Date(s) - June 19, 2016
(+$2 for under 21)
Jordan Lee had quietly released six albums prior to 2013, so Mutual Benefit didn’t exactly come out of nowhere three years ago. But Love’s Crushing Diamond sounded like it did: a document of emotional and physical displacement during Lee’s “year of notable absences,” its florid, orchestral folk was an anachronism compared to the slick, extroverted, and heavily-hyped pop that defined that year’s indie breakthroughs. Much about Mutual Benefit remains in 2016: Lee’s still a wandering spirit surrounding himself with an orchestra of friends, recording in “forests, attics and hotel rooms” and it still sounds completely out of step with prevailing trends. But Skip a Sinking Stone is the first Mutual Benefit album to come from a very identifiable somewhere; the first half follows a newly successful band through carefully plotted tours and the second takes place in Lee’s adopted home of New York City.
In addition to Lee’s itinerary, the autumnal color scheme and loping cowboy strum of first single “Not For Nothing” evoked Bright Eyes’ I’m Wide Awake It’s Morning: another clutch of traveling songs from a collectivist, indie-folk vagabond who settled into NYC. And like that record, Skip a Sinking Stone doesn’t sound or even feel like New York City. Nonetheless, the mere invocation of the city provides a kind of metaphysical importance and universality to Lee’s concerns, that he’s not just another dude in his late 20s trying to come to grips with personal success, lessons in love, and the sense that America is slowly, irreversibly headed towards self-destruction because people like him are never in charge and never want to be.
The similarities end there: Lee’s never been given nor has he sought out “voice of a generation” plaudits. Skip a Sinking Stone is invariably gentle, speaking for Lee and maybe those around him. Lee surrounds himself with people as equally curious, lovestruck, and positive as himself. As a result, Skip a Sinking Stone is probably the most chipper album about gig life ever recorded.
“Let’s take the long way home, let’s throw away our phones,” Lee sings moony-eyed during the very literal “Lost Dreamers,” a song which establishes Mutual Benefit as a natural convergence point between Neil Young’s Harvest and early 2000s freak-folk; this is the prevailing theme of Skip a Sinking Stone’s first half, where touring is just a mind-expanding road trip that happens to be interrupted by occasional load-ins, blog interviews, and stints at the merch table. “And if we get lost in a dream, wasn’t it worth all we’ve seen?,” he asks. It can all seem at odds with reality, but Skip a Sinking Stone is just at odds with the harried, hassled perspective that voluntarily serves as reality for most; Mutual Benefit never tries to force its viewpoint or really much of anything on the listener.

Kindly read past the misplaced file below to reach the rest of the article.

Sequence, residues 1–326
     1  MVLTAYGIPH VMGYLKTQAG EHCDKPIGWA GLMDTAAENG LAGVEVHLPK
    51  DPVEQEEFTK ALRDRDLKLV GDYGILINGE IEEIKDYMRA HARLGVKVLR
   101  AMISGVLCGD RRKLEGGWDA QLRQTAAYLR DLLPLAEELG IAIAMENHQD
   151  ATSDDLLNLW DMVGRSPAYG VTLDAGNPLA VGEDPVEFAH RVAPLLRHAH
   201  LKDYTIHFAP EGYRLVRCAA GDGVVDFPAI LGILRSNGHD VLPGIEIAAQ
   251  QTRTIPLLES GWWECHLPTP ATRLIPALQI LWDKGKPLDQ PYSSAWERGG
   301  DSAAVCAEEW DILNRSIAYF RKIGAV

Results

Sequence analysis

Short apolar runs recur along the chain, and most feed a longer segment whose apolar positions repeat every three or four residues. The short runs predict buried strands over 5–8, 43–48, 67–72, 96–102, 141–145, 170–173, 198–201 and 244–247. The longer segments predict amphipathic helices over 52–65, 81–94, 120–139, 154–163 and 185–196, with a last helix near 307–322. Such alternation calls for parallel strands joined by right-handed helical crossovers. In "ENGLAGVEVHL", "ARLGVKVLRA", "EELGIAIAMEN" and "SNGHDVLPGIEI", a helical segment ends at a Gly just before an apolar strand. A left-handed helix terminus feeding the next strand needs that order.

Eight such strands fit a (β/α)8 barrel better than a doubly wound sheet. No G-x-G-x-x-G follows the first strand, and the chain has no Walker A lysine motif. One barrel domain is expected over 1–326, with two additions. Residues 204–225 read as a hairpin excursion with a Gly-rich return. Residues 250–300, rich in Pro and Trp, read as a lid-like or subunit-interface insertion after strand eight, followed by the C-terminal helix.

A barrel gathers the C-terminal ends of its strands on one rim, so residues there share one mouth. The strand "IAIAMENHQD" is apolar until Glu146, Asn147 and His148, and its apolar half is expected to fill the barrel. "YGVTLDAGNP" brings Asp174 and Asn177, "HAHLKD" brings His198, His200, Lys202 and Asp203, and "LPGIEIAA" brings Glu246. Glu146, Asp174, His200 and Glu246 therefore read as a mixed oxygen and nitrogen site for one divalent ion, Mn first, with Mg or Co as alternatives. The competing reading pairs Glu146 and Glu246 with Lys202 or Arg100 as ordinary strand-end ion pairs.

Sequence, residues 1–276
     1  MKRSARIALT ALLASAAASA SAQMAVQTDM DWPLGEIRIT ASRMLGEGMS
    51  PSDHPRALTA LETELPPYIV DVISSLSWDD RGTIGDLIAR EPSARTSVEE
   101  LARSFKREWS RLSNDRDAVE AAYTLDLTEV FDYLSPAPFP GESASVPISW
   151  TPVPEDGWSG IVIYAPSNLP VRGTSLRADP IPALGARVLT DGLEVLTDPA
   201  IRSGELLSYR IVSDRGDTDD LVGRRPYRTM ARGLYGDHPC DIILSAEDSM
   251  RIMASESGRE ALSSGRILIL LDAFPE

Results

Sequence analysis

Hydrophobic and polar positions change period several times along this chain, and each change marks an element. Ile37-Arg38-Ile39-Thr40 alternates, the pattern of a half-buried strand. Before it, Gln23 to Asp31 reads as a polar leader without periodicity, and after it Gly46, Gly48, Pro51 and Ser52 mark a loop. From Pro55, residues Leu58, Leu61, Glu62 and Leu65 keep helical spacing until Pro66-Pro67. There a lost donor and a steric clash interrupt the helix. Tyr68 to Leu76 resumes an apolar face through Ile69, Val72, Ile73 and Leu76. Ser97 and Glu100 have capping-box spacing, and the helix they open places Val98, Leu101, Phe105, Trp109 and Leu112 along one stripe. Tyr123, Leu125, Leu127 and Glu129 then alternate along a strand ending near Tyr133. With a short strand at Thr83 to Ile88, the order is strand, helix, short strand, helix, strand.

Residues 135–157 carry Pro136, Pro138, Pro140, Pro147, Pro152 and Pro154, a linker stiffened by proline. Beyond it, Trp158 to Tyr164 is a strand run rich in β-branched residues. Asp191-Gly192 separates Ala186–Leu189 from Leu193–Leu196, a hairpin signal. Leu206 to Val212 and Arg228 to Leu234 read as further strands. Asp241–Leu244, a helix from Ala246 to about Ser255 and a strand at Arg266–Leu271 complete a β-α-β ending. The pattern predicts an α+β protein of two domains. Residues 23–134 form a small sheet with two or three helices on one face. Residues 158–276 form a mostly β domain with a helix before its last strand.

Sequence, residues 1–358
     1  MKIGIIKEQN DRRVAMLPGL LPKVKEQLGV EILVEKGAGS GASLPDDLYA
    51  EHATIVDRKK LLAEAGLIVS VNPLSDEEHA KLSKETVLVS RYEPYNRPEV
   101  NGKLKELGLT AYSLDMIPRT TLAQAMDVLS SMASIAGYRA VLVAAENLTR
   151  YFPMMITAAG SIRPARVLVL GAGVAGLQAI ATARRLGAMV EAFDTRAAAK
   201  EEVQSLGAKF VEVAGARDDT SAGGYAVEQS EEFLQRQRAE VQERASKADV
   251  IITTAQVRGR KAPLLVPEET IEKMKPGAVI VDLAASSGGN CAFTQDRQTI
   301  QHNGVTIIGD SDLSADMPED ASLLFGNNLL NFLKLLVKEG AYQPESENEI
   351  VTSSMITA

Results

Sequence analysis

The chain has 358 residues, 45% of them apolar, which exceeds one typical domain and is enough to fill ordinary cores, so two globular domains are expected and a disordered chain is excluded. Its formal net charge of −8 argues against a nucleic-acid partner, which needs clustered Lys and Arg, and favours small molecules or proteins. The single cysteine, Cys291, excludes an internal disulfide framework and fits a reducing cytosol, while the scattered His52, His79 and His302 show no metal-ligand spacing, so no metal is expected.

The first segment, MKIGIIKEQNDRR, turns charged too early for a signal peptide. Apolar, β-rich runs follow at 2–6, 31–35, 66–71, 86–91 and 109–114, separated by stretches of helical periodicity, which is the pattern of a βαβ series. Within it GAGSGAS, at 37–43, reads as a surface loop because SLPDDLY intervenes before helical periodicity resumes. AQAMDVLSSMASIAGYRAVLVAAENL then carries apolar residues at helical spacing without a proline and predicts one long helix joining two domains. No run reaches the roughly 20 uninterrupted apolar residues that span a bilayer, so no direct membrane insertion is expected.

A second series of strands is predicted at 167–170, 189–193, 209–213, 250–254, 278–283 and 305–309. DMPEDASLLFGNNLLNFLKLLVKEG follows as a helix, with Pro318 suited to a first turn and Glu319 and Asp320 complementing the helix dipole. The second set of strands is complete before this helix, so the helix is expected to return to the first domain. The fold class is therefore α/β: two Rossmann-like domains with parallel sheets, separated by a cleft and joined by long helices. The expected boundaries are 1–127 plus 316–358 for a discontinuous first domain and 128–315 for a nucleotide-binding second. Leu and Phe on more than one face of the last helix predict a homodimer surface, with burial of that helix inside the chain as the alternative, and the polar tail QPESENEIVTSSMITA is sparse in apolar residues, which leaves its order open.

Besides, Lee’s POV is wholly embedded in Mutual Benefit’s music, so if you want to take his sentiments to task for being a little cloying, you might as well criticize the string parts for being too pretty. But even if this is a gorgeous album, fantastically so, that quality is occasionally to its detriment. “I’m so afraid to fall in love again, I know how it ends,” Lee sings on “Skipping Stones,” and that’s about as dark as things can get here. When “City Sirens” alludes to police brutality and Eric Garner’s death, the problem isn’t that the tonal shift is too jarring; it’s that there’s barely any at all. Though heartfelt and honest as everything else, a very specifically rendered line like “killers exposed through broken windows/there’s oaths they swore but what’s it all for?” hits with the same impact as “If there’s one thing I know, it’s that all the good times go, and the hard times too.”
After Love’s Crushing Diamond, Lee admitted he was wary of attaching any kind of story to his music, let alone his radical politics. And it seems like even stories as commonplace as “the road” and “New York” can moderate the ineffable magic of his previous work. Likewise, the mindset of Skip a Sinking Stone is best entered with the intent of total immersion and allotting a similar amount of Mutual Benefit music to more conventional song structures and interludes can feel like a vision quest stopped too frequently for bathroom breaks. But the enduring sadness in Love’s Crushing Diamond was drawn from Lee witnessing the destructive force of escapism in others. So if the newfound pragmatism and stability of Skip a Sinking Stone seems inevitable for Lee after Mutual Benefit’s success, an inveterate dreamer can’t help but make it sound transitional.
– Ian Cohen / Pitchfork (May 19, 2016)
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